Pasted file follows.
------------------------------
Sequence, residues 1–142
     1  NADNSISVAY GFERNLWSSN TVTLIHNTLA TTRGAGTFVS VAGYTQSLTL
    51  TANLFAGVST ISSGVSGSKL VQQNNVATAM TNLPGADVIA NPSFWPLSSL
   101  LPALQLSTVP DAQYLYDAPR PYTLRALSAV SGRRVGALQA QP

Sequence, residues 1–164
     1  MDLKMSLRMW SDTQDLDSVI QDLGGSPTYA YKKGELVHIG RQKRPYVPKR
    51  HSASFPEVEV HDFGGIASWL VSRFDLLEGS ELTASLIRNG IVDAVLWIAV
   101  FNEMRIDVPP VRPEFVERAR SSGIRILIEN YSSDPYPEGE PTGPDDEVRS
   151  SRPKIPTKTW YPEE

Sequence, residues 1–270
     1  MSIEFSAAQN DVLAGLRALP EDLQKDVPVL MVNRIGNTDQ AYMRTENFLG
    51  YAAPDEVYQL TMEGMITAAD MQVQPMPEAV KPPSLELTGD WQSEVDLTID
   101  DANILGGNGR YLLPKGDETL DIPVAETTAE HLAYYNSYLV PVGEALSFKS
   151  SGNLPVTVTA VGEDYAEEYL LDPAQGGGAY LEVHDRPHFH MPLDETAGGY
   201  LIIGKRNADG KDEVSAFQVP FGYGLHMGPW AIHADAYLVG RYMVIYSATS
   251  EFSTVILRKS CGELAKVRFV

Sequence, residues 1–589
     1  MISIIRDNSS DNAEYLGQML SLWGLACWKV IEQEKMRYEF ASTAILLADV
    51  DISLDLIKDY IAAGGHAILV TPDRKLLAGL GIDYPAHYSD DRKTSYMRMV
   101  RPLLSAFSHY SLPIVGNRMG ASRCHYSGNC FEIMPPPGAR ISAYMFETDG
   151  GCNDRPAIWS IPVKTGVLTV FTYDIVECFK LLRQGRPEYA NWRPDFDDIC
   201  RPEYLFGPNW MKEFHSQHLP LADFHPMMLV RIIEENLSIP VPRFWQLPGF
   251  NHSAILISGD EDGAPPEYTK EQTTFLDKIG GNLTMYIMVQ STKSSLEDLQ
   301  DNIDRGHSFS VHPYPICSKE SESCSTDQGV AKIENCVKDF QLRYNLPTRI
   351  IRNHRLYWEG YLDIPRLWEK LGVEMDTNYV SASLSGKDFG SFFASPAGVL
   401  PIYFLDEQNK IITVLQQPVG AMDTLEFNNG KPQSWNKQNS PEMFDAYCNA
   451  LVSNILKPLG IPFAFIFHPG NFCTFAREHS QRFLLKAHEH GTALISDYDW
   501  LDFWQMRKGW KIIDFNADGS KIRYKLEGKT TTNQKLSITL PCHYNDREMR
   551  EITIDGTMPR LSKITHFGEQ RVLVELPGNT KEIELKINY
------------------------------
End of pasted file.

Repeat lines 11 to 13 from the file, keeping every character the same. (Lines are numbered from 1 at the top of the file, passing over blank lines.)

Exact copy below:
     1  MSIEFSAAQN DVLAGLRALP EDLQKDVPVL MVNRIGNTDQ AYMRTENFLG
    51  YAAPDEVYQL TMEGMITAAD MQVQPMPEAV KPPSLELTGD WQSEVDLTID
   101  DANILGGNGR YLLPKGDETL DIPVAETTAE HLAYYNSYLV PVGEALSFKS